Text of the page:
BILL ANALYSIS                                                                                                                                                                                                    







                      SENATE COMMITTEE ON PUBLIC SAFETY
                            Senator Loni Hancock, Chair              A
                             2013-2014 Regular Session               B

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          AB 128 (Bradford)                                           
          As Introduced January 15, 2013 
          Hearing date:  June 25, 2013
          Penal Code                     VOTE ONLY
           SM:mc

                              LOS ANGELES AIRPORT POLICE  

                                       HISTORY

          Source:  Los Angeles Airport Peace Officers' Association

          Prior Legislation: AB 2137 (Bradford) - 2012, held on suspense  
          in Assembly Appropriations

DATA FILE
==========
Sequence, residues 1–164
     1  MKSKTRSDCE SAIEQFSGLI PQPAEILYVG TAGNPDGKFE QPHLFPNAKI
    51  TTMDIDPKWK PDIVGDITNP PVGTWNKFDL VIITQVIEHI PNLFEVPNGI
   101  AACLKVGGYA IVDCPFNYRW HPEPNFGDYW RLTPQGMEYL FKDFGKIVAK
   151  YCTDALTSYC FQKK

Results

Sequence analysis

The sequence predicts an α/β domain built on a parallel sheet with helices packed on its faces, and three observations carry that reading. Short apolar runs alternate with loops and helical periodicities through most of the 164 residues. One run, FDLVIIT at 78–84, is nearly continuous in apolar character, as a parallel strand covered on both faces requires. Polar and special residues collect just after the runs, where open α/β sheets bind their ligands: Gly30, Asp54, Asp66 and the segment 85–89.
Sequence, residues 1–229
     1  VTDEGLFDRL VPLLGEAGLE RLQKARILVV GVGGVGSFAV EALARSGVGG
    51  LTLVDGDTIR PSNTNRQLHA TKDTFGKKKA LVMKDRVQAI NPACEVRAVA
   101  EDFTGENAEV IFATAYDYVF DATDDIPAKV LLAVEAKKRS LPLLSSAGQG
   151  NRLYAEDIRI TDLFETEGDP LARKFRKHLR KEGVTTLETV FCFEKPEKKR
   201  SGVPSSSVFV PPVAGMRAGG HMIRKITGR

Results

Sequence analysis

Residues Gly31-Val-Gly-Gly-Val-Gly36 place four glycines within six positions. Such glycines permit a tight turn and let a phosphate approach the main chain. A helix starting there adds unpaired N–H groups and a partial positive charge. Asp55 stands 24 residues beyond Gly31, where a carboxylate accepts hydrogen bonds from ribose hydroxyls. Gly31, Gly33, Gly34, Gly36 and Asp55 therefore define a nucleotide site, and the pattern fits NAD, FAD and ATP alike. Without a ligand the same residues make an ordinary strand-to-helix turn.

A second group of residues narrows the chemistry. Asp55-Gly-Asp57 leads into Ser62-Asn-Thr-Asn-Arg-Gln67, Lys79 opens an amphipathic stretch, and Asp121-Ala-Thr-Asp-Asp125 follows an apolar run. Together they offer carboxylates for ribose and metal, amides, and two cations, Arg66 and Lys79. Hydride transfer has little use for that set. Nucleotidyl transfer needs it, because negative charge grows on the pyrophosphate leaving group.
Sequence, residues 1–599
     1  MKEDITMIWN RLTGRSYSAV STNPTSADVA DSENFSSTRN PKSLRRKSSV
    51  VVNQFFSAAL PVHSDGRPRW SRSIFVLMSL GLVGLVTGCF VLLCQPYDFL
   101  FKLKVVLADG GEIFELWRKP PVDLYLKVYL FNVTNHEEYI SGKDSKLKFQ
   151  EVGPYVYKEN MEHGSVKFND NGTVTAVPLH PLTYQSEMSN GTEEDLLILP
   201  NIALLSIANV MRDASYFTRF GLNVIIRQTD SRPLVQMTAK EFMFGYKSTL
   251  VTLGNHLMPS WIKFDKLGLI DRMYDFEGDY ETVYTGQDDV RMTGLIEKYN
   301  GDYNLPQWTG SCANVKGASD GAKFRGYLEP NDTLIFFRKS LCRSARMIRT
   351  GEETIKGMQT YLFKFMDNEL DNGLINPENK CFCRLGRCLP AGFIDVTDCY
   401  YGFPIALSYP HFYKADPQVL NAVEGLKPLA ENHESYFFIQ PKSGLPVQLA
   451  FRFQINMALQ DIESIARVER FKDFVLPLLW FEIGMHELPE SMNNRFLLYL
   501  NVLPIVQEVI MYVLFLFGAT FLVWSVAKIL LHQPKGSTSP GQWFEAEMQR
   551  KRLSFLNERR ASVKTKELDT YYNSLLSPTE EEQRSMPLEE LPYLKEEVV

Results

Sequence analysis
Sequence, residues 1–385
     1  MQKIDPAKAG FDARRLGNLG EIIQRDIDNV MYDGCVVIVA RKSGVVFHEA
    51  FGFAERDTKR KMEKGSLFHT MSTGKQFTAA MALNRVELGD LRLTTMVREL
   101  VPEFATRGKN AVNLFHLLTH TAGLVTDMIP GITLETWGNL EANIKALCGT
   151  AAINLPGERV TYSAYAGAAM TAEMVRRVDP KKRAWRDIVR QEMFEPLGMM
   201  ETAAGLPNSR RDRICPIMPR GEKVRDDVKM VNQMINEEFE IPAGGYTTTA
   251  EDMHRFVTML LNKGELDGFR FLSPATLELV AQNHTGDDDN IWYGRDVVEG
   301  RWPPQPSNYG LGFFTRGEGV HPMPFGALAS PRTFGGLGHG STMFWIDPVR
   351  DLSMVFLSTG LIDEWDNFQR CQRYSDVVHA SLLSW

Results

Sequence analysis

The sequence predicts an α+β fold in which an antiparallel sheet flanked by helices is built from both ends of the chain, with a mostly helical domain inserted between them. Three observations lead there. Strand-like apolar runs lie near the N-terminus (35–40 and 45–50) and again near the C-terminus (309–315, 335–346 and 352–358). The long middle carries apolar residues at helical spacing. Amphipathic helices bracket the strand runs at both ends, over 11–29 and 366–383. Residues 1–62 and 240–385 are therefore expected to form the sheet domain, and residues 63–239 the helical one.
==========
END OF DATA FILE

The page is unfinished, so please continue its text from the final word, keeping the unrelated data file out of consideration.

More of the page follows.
AB 1377 (Butler) - 2011, held on suspense in  
          Assembly Appropriations
                       AB 1882 (Frommer) - 2006, died in Senate Public  
          Safety

          Support: Airport Police Command Officer's Association of Los  
                   Angeles; Alliance for a Regional Solution to Airport  
                   Congestion (ARSAC); Barstow Police Officer's  
                   Association (BPOA); Los Angeles Police Chief; Chula  
                   Vista Police Officers Association; Deputy Sheriff's  
                   Association of Alameda County; Eric Garcetti, Los  
                   Angeles City Councilmember; Fresno Deputy Sheriff's  
                   Association; Gardena Police Officer's Association;  
                   Mayor of Inglewood; Inglewood Police Officers  
                   Association; Irwindale Police Officer's Association;  
                   Chief of Police of the Los Angeles World Airports; Los  
                   Angeles Detention Officers Association; Los Angeles  
                   Airport Police Supervisor's Association; Chief of Los  
                   Angeles Port Police; Neighborhood Council of  




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                   Westchester Playa; Oakland Police Officers Association;  
                   Peace Officers Research Association of California